Regent Street's best shops
A world-renowned emporium of eclectic finery, Liberty started out in 1875 as a homage to the bazaars of the east. Its iconic 1920s mock-Tudor store is a romantic and atmospheric place to shop, with open fireplaces, original staircases and small, wood-panelled rooms. Trading in beauty, designer fashion, vintage and homeware, Liberty is the perfect stop for those seeking unique luxury gifts.
After a carefully considered makeover from design team Foster & Partners, 235 Regent Street is now the pioneer of Apple’s retail future. The Grade II-listed building has been transformed to embody the tech giant’s new community ethos, with untethered products, a calendar of events and an open theatre introduced by an avenue of air-purifying ficus alii trees.
Spanning 54,000 square feet over seven themed floors, Hamleys is the largest toy store in the world. Founded more than 255 years ago, the store offers an abundance of choice, with children’s classics, character favourites and a spectacular array of modern tech toys – all enthusiastically demonstrated by a lively brigade of helpers. Visit with a munchkin and you'll likely be enraptured for hours.
The flagship of top luxury brand Burberry is arguably the most technologically advanced store in the world. Interactive mirrors react to micro-chipped products and respond with bespoke informative content. A welcoming team of assistants are armed with iPads, a 38-square-foot TV live-streams shows, and acoustic performances are held on a hydraulic stage. It’s a unique insight into what is undoubtedly the future of high-end retail.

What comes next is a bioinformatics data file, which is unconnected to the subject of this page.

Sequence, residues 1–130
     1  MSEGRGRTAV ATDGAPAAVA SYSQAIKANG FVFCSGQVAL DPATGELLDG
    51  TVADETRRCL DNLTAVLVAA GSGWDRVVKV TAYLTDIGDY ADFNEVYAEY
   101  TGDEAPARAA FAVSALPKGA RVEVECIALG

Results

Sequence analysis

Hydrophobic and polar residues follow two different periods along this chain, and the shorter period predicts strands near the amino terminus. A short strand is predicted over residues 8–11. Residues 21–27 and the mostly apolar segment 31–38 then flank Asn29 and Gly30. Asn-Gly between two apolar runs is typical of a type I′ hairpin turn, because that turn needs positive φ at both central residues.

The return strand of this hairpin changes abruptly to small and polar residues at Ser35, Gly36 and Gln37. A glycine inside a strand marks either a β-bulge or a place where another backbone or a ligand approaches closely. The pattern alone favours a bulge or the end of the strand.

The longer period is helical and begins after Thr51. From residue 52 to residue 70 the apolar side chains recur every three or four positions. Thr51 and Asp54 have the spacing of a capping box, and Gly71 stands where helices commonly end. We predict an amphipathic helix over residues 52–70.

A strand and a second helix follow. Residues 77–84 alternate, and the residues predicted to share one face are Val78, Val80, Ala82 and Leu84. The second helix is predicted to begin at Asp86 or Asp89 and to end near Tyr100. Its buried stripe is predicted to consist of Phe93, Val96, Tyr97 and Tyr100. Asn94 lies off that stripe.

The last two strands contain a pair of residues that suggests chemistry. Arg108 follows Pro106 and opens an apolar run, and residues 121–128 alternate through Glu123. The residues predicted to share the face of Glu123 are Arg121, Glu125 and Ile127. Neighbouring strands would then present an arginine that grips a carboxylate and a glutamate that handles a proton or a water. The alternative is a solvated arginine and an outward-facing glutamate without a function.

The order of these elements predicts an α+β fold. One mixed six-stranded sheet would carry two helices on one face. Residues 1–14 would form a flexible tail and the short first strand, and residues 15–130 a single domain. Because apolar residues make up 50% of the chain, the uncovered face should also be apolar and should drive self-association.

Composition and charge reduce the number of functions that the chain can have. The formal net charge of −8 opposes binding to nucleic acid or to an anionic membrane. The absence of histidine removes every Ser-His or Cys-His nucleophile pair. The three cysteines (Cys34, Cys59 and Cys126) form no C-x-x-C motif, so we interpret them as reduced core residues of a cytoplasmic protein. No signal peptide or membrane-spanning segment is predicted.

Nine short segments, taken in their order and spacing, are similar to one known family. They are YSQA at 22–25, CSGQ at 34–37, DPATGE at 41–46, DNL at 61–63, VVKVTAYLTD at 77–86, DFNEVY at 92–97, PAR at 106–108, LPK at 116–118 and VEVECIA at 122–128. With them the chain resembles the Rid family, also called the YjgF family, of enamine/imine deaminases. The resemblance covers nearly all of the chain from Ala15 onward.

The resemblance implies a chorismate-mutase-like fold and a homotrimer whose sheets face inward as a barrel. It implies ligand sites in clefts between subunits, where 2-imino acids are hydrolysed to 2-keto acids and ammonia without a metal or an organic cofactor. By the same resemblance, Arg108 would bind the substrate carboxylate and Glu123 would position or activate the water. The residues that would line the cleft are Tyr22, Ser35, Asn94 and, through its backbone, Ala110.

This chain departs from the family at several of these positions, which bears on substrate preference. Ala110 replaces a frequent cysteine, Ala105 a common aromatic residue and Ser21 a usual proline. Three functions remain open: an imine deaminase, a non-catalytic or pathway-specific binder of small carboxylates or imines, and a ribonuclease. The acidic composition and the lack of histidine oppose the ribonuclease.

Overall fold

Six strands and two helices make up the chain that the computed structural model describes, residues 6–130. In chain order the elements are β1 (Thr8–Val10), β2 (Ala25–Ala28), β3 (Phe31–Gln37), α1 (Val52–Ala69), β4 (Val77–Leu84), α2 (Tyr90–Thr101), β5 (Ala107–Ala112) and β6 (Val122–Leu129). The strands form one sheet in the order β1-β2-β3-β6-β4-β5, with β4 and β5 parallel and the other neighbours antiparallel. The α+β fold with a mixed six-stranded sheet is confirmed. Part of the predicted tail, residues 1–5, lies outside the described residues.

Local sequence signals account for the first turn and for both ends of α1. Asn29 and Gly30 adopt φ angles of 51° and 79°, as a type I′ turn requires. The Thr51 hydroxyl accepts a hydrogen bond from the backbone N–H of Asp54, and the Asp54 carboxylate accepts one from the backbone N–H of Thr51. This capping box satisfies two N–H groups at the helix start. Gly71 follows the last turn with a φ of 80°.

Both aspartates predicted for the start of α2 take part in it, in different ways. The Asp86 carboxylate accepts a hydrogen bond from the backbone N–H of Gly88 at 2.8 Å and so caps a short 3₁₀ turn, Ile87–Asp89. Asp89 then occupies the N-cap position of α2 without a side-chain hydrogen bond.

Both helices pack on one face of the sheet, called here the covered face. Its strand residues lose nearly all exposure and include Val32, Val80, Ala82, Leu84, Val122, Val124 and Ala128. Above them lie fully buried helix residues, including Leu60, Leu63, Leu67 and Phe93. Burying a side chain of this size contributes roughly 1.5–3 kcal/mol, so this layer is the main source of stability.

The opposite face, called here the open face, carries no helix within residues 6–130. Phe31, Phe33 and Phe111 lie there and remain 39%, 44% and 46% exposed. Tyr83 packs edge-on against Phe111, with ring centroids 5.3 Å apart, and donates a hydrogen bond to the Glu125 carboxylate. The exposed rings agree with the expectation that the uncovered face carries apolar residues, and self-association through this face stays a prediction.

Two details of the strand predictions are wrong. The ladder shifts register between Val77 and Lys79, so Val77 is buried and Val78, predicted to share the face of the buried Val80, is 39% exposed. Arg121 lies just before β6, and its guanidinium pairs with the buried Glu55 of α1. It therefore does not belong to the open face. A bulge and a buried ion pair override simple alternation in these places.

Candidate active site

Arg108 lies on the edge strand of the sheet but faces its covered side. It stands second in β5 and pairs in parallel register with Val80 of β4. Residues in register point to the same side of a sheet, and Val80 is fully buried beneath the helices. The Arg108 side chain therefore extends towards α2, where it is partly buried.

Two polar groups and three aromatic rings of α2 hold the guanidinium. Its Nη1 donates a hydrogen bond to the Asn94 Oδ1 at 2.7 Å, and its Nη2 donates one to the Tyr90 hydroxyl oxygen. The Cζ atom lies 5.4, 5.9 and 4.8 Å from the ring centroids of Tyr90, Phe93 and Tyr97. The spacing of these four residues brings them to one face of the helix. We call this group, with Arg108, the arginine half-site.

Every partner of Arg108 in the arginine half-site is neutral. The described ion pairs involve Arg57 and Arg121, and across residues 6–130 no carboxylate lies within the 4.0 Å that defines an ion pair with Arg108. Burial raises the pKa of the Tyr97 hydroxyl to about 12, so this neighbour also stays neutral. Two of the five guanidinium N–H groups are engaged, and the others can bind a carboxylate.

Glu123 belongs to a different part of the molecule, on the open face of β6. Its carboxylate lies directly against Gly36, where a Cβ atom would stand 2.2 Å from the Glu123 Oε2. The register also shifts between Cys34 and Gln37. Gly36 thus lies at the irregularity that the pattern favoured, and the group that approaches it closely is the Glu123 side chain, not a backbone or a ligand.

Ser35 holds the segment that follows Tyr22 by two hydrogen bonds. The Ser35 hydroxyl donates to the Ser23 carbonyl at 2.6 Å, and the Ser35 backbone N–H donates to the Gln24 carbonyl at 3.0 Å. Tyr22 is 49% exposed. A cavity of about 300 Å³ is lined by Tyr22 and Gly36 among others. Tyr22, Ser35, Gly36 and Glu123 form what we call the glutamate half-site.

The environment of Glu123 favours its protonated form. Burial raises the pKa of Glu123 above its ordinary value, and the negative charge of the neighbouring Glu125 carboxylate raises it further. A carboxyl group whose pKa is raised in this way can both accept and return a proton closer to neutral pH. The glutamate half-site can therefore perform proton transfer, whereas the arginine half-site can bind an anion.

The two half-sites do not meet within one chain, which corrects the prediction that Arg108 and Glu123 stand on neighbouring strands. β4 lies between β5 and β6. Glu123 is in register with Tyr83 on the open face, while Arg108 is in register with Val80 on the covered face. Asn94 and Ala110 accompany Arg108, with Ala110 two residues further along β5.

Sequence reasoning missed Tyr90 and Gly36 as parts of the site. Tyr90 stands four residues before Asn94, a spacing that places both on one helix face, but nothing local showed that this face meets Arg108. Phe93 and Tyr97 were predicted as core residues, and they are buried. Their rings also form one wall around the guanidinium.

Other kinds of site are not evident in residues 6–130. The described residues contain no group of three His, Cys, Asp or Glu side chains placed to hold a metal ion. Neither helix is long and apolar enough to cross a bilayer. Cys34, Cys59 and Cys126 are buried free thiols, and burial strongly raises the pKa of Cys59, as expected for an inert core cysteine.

After producing his first official scent in 1870, flamboyant businessman William Henry Penhaligon was appointed court perfumer to Queen Victoria. Little has changed since the nineteenth century and Penhaligon’s still craft its concoctions in old-fashioned bottles with British ingredients. Those wishing to find their signature scent can book in for a ‘Fragrance Profiling’ consultation, where perfumes are assigned to the wearer in accordance with their memories and associations.
The & Other Stories design teams are based in Stockholm and Paris, which speaks volumes in their deeply covetable collections. Offering a combination of Scandinavian cool and Parisian chic, this Regent Street store is a must-visit for devoted fashion fans. With a focus on affordable luxury, the H&M-owned brand crafts garments in genuine silk and cashmere, and their beauty range is full of wallet-friendly buys.
Mappin & Webb’s recently refurbished flagship boutique sits in one of Regent Street’s iconic corner buildings. Beginning life as a Sheffield silver workshop over 240 years ago, this historic brand has since attracted an illustrious client list that includes Marie Antoinette and Grace Kelly. The official jeweller to the Royal Family since the Victorian era, Mappin & Webb offers trusted and timeless designs.
Deriving its brand name from ‘unique clothing’, Uniqlo is indeed unlike any other high-street store. Perfect for the straightforward shopper, this Japanese retailer offers a no-frills approach to retail therapy, with affordable, good-quality garments, displayed in a meticulously colour-coded fashion. Known for its impressive list of collaborators, Uniqlo recently adopted the archive prints of its Regent Street neighbour, Liberty.
If you want to elevate your workout wardrobe, Niketown London is the ultimate destination. The largest Nike store in the world, Niketown offers an innovative sports retail experience, where customers can witness regular demonstrations from famous athletes and analyse their running shoes on a video-monitored treadmill. With a two-floor customisation studio, shoppers are also invited to personalise their very own bespoke sneaker designs. Plus, they run in-store classes if you’re not too shy to flex on the shopfloor.
Topshop’s colossal flagship offers a complete getting-ready experience, with two hair salons, a nail bar and an entire floor dedicated to accessories. Those in the know avoid the crowds by heading in via the lesser-known Regent Street entrance. A quiet boutique space, this sanctuary plays host to curated guest edits and smaller collections.